The hardware is an AXIe-18 (Advanced Telecommunications Computing Architecture (ATCA) Extensions for Instrumentation and Test) compliant modular design. Figure 1 shows its block diagram. It was designed around the phase-locked loop chip ADF4356 (Analog Devices, MA, USA). This PLL chip generates an output frequency in a range of 53.125~6800MHz. It provides a very fine frequency resolution with practically no residual frequency error due to its 52-bit modulus. The output phase can be adjusted with a theoretical resolution of 360°/224. There are 16 PLL chips on the module that lock to the same reference signal. A low jitter 2-input selectable 1:16 clock buffer CDCLVP1216 (Texas Instruments, TX, USA) is used to fan out the reference signal to 16 PLL chips. Filters are added to filter out the harmonics. RF switch chips HMC245A (DC~3.5GHz, Analog Devices, MA, USA) are used to select different filter options. The whole system is managed by a field programmable gate array chip ZU3EG (Xilinx, CA, USA) which is the core of a system-on-module module AES-ZU3EG-1-SOM-I-G (Avnet, AZ, USA).

A 4-hour continuous testing was conducted for 500MHz, 1GHz, and 1.5GHz with a spectrum analyzer (ZVL, R&S, Munich, Germany) to evaluate the frequency drift. Various phase settings with 4 channels running at 300MHz were tested using an oscilloscope (MSOS054A, Keysight, CA, USA). Heating experiments were conducted at 300MHz, 400MHz and 500MHz. The output RF signal (Pout=-4dBm) was fed to a power amplifier. After amplification, a ~50dBm signal was fed to an ultra-wide-band antenna. The antenna was applied to a phantom placed into the isocenter of a 7.0T MR scanner (Magnetom, Siemens Healthineers, Erlangen, Germany). The heating paradigm was applied for 2 minutes for each frequency. MR thermometry using the PRFS approach (TR=102ms, TE1=2.26ms, TE2=6.34ms, Voxel size=1.5x1.5x4mm³) at 298 MHz was conducted before and after the heating for each frequency. Fiber optic temperature sensors (Neoptix, Québec, Canada) were used to validate the MR thermometry results.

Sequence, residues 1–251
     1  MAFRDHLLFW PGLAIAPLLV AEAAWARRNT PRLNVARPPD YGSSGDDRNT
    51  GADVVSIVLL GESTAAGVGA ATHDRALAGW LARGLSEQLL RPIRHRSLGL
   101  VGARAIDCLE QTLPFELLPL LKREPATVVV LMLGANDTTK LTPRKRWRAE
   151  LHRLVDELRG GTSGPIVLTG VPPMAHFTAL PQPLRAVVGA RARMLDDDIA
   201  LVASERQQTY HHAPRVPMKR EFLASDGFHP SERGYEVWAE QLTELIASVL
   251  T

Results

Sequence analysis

Figure 2 shows the hardware module operating inside an AXIe chassis. The tested three frequency points are shown in Figure 3. No frequency error was observed. There was no measurable frequency drift during the 4-hour continuous testing. Four 300MHz signals with different phase settings are highlighted in Figure 4. The measured phases comply with the programmed phase settings in the PLLs with an average error of 0.3306°. The heating setup and MR thermometry results are displayed in Figure 5. The applied heating paradigm (Pin=~50dBm, t=120s) induced a temperature change of 15°C in an area underneath the antenna. The MR thermometry results agree with the measurements obtained from fiber optic sensors.